BERNARDS, N.J. (AP) - A white oak tree that has watched over a New Jersey community and a church for hundreds of years began its final bow Monday as crews began its removal and residents fondly remembered the go-to spot for formal photos, landmark for driving directions and the remarkable piece of natural history.
Crews at the Basking Ridge Presbyterian Church in Bernards began taking down the 600-year-old tree that was declared dead after it began showing rot and weakness during the last couple of years. They were due to return to the church Tuesday - weather permitting - to continue the process, which is expected to be completed by Wednesday.
"Over the past few years (the tree's) health has declined quite dramatically. Our folks did everything possible to help its health be restored, but it was just the end of its life and it was not meant to be," the Rev. Dennis Jones, the church's pastor, said as the work got underway.
- 4 teenagers killed in crash involving tractor-trailer
- 23 men arrested in underage sex sting 'Operation Spring Cleaning'
- Third Hernandez suicide note addressed to inmate, lawyer says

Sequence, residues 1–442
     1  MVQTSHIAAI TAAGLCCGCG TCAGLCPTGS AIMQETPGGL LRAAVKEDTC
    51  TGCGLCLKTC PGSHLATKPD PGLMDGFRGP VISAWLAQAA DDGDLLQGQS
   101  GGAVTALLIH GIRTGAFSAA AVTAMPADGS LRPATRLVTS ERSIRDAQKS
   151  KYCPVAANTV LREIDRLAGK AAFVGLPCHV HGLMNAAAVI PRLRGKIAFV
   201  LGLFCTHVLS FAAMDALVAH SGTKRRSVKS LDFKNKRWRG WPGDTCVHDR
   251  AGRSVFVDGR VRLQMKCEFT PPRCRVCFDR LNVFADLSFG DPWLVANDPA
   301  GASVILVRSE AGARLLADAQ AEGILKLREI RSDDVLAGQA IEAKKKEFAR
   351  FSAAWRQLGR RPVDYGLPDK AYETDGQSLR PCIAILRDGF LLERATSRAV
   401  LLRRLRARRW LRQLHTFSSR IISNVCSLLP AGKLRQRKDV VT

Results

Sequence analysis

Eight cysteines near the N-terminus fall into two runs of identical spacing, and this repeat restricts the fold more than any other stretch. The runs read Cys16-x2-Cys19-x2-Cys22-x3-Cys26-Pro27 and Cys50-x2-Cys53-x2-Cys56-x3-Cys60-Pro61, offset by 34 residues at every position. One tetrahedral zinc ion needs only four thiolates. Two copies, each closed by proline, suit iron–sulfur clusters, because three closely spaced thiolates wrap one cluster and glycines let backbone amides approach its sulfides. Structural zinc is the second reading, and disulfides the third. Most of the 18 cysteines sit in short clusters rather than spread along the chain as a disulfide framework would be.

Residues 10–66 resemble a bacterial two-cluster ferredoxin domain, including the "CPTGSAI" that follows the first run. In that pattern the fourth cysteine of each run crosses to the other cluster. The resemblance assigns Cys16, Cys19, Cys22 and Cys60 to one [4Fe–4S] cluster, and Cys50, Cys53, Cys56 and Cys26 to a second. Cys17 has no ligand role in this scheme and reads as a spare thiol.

The removal work drew lots of attention from residents of a bedroom community about 30 miles (48 kilometers) west of New York and other tree fans who saw it as a chance to bid a final farewell to their close friend. Hundreds of people came by during the day to watch the work, many appearing somber as they watched workers use chain saws to cut down limbs and branches.
The tree pieces were loaded onto a log truck and taken to an undisclosed site where they will be evaluated and inventoried. Officials still are deciding what to do with the wood and what will be put on the site where the tree stood.
The tree has been an important part of the community since the town's inception in the 1700s. Officials say it was the site of a picnic Gen. George Washington held with the Marquis de Lafayette, and the Rev. George Whitefield, a noted evangelist, preached to more than 3,000 people beneath the tree in 1740.
"It's just always been there, it's always been a part of my town and now it's time to just say goodbye," Amanda Hughes said Monday. "It's dead, it's lived a good life and it's time for it to come down, and we will remember it in different ways now."
Arborists say the tree had stood for nearly 300 years before the church was built in 1717. It stands about 100 feet tall, has a trunk circumference of 18 feet and has a branch spread of roughly 150 feet. Its death was likely due to its age.
But there is a silver lining for tree fans: Another white oak cultivated from the old tree's acorns was recently planted at the church, so its legacy will continue at the church.